It took about ten minutes for the disruption in my brain to resolve itself so that I could talk.
Jokingly I’ve said that my brother was probably enjoying the break from my constant onslaught. I can be very chatty.
Most recently I was ambushed by the phenomenon in April of this year.
Let me share the scenario. As a grandfather, I’ve taken on some responsibility to help out my daughter who is a single mom by routinely driving kids to dance classes and soccer games.
While driving one of my granddaughters to my home after dropping her older sister at dance class I took a phone call on the car’s hands-free phone. Within moments I knew I was in trouble. I had difficulty in understanding who was calling, although after the fact I did figure out that it was a fundraiser from one of the charities I support. Ironically, it may have been the Stroke Foundation. I excused myself with a brusque “I can’t do this right now!” and hung up abruptly.
I stopped at a red light and debated whether I should continue driving.
I’m not sure that self-evaluation to make that decision was the correct decision.
Visuals were good, a quick self-assessment of cognitive functions suggested I should get out of the intersection and get my granddaughter somewhere safe. Home was close and basically a straight line.
Arriving at home I tried to explain to my wife that things felt ‘wrong’.
She welcomed our granddaughter while I took another call, this time from the on-duty mother responsible for the kids that night.
My wife overheard my fragmented side of the conversation and knew I was in trouble. She started asking questions which included several things including the names of her sisters, my brothers, and our grandchildren. I failed the quiz miserably, especially the part about her full name. Oops!
Sequencing gets confused at this point. Gail (my wife’s name) did call 811 to speak to a nurse, who advised her to call 911.
Details I do remember include the ambulance arriving, the paramedics, Cheryl and Kyla, and the frenetic rush to get the right boots, coat, and stuff to take to the hospital. And yes, I checked the charge on my phone.
There was a brief visit from a fire truck; the local protocol is to always try to send a truckload of firefighters to back up the paramedic/ambulance attendants. They were waved off before they got out of the truck as I was ambulatory.
So, what the hell had happened?
The ambulance team took me to the local hospital to see if they could figure it out.
It is no great secret that our health care system is ‘in crisis’. What happened at the hospital was indicative of some real problems. However, to someone’s credit, I’m not sure who, either a nurse or one of the doctors, a key component of my diagnostics happened quickly. Someone was obviously scanning the triage statements, and although I wasn’t going to be seen by a doctor anytime soon, they shortcut the system and arranged for a CT scan before I had been examined by a doctor. That saved a huge amount of time.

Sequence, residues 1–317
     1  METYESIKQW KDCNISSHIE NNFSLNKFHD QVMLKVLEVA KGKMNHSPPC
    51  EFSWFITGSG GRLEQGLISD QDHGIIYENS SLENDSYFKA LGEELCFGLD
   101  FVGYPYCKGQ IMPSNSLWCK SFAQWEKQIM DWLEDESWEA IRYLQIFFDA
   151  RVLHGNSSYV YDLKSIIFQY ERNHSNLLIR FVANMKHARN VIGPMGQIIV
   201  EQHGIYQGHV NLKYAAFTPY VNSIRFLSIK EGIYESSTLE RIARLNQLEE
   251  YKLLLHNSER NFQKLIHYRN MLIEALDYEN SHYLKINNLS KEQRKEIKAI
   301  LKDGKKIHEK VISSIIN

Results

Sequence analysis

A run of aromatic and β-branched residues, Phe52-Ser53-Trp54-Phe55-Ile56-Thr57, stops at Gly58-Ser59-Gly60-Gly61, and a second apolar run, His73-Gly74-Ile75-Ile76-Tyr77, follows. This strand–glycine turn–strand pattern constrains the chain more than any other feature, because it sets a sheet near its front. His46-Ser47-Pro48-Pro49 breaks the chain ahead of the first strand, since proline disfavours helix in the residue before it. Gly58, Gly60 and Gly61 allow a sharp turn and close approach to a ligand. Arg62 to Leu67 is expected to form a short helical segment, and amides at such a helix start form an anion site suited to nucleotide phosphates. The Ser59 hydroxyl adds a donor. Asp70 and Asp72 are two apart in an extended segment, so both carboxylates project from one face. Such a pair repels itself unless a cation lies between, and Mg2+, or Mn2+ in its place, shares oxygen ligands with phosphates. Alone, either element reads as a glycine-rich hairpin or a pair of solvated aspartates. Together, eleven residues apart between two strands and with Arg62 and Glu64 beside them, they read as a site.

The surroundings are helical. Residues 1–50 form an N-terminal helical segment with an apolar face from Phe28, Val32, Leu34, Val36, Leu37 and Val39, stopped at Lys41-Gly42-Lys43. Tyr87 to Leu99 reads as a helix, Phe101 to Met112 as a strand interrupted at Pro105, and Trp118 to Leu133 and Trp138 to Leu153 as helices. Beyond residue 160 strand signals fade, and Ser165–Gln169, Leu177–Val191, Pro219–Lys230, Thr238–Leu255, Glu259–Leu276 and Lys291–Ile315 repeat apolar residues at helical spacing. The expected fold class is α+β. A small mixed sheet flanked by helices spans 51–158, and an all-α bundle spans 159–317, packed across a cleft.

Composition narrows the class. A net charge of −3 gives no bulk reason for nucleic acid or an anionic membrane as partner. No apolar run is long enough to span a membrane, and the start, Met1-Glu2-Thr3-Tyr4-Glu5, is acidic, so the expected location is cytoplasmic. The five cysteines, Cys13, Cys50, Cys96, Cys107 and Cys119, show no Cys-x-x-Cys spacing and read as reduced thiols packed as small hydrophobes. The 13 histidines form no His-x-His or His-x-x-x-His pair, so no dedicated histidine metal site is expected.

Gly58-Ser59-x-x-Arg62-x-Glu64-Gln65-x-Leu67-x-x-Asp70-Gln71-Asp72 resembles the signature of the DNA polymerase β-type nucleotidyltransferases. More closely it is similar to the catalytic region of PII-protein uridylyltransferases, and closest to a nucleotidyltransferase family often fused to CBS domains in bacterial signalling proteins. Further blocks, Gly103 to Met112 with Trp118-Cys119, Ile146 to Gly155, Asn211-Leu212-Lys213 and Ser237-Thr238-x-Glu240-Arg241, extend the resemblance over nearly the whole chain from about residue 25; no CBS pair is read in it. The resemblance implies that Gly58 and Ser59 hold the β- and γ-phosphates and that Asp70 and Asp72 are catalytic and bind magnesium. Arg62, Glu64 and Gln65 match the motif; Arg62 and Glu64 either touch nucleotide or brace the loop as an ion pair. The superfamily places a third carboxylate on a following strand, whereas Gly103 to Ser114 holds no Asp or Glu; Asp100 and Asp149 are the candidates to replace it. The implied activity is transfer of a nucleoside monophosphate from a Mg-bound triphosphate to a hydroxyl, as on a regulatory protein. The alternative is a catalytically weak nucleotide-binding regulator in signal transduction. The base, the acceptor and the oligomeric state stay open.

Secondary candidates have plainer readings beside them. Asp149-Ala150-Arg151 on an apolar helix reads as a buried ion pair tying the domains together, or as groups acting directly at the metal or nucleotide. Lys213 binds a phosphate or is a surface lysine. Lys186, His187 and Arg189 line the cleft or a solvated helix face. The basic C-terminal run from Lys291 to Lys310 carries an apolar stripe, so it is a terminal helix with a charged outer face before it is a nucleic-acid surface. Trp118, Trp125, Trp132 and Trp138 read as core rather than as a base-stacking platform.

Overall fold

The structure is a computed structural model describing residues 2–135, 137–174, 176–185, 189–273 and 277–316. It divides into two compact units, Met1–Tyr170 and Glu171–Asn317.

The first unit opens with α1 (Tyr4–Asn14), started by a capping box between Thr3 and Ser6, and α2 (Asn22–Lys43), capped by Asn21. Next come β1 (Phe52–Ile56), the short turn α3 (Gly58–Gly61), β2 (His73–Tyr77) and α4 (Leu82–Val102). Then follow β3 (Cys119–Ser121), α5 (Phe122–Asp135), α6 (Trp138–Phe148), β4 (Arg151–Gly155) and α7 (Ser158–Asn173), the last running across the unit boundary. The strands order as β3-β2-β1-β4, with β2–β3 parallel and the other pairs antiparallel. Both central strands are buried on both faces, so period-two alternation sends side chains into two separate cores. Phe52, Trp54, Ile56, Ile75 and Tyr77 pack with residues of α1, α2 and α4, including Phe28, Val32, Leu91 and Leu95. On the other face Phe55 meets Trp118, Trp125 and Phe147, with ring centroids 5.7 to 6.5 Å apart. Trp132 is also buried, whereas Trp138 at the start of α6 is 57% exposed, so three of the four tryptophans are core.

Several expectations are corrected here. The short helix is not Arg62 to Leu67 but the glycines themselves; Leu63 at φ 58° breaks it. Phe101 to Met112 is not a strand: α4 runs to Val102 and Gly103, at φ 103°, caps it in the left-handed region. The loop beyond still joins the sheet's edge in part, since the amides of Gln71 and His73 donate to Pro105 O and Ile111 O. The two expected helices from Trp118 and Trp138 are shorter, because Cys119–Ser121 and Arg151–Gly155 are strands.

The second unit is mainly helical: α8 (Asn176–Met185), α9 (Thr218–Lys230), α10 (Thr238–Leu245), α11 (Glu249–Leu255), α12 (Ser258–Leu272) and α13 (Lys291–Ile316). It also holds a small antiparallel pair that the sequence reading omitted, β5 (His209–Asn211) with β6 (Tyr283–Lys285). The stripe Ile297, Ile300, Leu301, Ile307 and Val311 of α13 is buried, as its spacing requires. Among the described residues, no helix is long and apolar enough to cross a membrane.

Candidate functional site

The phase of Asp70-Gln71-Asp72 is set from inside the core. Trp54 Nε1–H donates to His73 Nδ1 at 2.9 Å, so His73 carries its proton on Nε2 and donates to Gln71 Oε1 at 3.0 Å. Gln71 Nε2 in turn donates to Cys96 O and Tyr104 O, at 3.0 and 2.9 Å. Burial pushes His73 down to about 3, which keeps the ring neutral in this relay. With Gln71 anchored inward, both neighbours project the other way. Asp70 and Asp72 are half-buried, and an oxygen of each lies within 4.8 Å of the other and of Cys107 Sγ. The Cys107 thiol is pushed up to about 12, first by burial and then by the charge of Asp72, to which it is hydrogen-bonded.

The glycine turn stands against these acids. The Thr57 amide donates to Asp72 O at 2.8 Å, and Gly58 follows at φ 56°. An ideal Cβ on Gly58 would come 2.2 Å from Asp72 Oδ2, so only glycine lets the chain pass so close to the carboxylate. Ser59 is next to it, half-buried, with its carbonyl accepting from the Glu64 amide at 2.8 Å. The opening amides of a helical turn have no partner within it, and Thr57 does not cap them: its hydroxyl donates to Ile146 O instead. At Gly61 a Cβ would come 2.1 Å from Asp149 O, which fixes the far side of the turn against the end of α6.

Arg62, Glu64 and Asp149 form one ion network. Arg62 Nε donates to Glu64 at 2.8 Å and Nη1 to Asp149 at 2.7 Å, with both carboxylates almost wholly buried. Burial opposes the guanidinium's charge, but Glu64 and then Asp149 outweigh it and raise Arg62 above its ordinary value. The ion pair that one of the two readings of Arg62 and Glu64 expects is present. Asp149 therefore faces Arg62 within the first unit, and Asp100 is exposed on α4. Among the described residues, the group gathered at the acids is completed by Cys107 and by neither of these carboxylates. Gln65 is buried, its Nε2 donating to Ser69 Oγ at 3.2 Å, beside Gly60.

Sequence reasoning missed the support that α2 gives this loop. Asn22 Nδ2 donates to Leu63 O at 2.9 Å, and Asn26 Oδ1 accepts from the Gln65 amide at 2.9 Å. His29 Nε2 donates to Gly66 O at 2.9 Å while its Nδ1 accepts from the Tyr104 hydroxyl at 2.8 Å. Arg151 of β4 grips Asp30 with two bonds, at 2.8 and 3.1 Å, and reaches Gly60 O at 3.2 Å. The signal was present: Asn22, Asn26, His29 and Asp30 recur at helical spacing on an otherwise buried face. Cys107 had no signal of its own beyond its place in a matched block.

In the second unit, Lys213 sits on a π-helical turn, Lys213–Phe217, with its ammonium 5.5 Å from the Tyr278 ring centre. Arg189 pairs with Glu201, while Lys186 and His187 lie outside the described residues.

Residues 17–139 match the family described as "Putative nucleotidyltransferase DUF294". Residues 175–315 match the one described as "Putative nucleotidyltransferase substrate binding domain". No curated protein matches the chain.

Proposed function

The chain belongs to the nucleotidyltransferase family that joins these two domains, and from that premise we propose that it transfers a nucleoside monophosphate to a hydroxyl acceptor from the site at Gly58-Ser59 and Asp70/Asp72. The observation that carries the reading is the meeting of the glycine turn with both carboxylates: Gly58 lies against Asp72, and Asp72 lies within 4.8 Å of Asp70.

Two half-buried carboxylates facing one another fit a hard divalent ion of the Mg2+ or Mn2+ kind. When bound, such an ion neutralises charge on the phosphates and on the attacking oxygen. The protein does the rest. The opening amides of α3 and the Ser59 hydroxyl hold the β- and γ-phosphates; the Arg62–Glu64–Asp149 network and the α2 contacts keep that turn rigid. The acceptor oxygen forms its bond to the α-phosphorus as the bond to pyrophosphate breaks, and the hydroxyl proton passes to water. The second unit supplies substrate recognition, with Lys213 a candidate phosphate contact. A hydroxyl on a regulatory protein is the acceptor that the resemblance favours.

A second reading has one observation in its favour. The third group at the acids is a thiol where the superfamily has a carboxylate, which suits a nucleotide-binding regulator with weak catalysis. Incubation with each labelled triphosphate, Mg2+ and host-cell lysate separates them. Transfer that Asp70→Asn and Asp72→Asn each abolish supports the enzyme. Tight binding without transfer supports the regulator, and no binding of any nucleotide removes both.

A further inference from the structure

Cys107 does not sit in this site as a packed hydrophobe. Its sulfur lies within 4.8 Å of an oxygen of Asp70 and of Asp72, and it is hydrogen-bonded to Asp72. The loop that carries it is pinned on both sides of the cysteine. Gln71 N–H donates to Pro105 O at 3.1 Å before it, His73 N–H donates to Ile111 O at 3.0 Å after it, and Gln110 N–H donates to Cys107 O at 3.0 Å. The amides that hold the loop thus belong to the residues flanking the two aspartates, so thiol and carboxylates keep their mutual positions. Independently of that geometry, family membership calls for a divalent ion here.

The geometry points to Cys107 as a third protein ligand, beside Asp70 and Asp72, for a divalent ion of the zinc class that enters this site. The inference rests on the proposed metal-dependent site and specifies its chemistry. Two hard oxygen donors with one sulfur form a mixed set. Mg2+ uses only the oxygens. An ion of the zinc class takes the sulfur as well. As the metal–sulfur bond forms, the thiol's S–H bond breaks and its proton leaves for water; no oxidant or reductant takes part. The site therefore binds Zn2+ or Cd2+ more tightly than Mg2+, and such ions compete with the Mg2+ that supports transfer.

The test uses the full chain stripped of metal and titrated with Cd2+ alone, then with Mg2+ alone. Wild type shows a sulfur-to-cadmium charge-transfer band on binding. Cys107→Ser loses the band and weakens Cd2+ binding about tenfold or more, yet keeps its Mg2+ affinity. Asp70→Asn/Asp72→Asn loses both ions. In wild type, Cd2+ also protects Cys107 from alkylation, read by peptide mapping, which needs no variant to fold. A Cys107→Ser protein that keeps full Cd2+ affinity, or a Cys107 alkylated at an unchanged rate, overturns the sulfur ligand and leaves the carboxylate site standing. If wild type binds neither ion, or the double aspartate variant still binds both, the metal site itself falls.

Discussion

That’s great STROKE protocol!
What followed was a lot of faffing about, like ten hours worth most of which I was in a holding pattern. Things that were going on included behind-closed-doors consultations with the on-call neurologist that I wasn’t part of, except vicariously.
I was discharged with the tentative diagnosis that I had suffered a TIA. There was almost a sigh of relief from the attending physician that the pre-emptive CT Scan did not show any physical damage. The doctor discharged me with a prescription for low-dose aspirin, a requisition for an ultrasound of my carotid arteries, and a referral to the stroke prevention clinic.
The ultrasound showed that my carotid arteries are clean.
My referral to the Stroke Prevention Clinic didn’t bear fruit for two weeks. It took that long to get an appointment to be assessed. The professionals at the clinic confirmed the tentative TIA diagnosis.
Physical evaluation at the stroke clinic included all the usual neurological tests.
Strength in limbs, ‘follow the finger’ with your eyes, “say the following words”, and that sort of thing.
Conversations with the stroke prevention team
Conversations with the stroke prevention team included all the usual buzzword recommendations.
Stop drinking. That seems to be the go-to recommendation for everything these days. Brewers, distillers, and winemakers can’t be happy about that.
Minor exercise uptick. The weather had been so bad that I’d stopped my daily walks. I was advised to start again, and there was an oblique reference to light weights, and at my inquiry confirmation that yoga or tai-chi wouldn’t be a bad idea.
Watch your diet. The staff Dietician presented me with a pamphlet on soluble fibres that should be included in my diet.
What we did next;
The first thing the team decided to do was to focus on the heart to see if there’s something there that had been missed. There was a requirement to wear a Holter monitor for a day after a round of stress tests and echocardiograms.
We’ve done the ECG, spent 24 hours wearing the Holter monitor, and had the echocardiogram.
I’ve also had the phone call from the doctor to tell me what he thinks. They’re going with TIA but can’t find a reason for it.
There was some lingering doubt as to whether the incident was simply an echo of the previous hemorrhagic stroke.
If you even think that you’re experiencing a TIA, or aphasia, its time to get things checked out.
Bumping into TIAs and bouts of aphasia should demand that you get it all checked out.
Its probably not fair that I didn’t list some of the other causes. Here’s a short summary.
Common causes of aphasia are:
Stroke–I mentioned that earlier.
Head injury–a.k.a. TBI
Slow growing brain tumor
A degenerative disease that damages the brain tissues such as Alzheimer’s disease